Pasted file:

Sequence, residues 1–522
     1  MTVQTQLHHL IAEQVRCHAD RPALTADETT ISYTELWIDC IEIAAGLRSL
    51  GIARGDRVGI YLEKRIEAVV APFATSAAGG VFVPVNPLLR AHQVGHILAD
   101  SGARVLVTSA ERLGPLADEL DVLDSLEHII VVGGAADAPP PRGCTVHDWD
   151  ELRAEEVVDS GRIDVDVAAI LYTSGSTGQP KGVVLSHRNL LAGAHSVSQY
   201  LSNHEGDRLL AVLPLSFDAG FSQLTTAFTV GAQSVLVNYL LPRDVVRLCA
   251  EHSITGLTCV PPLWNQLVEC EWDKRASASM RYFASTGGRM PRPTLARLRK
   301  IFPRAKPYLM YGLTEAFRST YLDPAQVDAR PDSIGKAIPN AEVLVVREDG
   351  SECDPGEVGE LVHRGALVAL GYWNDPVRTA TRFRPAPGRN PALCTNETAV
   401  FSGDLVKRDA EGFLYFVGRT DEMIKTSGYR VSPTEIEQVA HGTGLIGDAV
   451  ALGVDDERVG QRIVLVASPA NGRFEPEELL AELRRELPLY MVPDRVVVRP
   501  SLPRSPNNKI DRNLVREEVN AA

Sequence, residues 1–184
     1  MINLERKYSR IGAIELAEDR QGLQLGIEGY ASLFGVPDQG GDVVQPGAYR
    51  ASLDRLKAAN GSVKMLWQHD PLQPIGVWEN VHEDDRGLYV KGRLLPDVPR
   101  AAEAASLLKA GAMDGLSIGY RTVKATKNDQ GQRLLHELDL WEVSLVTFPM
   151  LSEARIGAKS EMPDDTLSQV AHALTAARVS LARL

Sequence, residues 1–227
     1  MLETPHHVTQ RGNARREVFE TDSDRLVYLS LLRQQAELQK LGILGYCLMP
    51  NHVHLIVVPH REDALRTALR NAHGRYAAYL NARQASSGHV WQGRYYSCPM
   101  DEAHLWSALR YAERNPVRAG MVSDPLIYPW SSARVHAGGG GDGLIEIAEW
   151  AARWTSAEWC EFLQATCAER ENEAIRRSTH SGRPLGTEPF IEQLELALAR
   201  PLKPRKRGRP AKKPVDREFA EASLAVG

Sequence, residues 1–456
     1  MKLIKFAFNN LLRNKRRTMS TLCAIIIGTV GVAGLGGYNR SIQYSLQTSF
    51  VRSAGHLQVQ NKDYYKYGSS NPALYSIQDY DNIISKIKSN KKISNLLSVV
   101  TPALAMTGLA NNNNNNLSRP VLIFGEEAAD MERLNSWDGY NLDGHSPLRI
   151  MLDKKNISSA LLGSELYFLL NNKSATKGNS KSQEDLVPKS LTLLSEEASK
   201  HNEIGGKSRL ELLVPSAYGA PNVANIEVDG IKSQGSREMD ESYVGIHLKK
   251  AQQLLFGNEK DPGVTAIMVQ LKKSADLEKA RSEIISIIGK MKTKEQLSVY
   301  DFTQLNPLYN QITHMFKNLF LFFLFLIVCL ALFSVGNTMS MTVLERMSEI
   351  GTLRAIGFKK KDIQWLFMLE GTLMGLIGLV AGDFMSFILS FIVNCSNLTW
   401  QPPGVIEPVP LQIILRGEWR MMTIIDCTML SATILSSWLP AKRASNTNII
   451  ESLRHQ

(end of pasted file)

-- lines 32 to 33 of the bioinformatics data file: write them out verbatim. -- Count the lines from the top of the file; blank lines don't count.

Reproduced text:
   351  GTLRAIGFKK KDIQWLFMLE GTLMGLIGLV AGDFMSFILS FIVNCSNLTW
   401  QPPGVIEPVP LQIILRGEWR MMTIIDCTML SATILSSWLP AKRASNTNII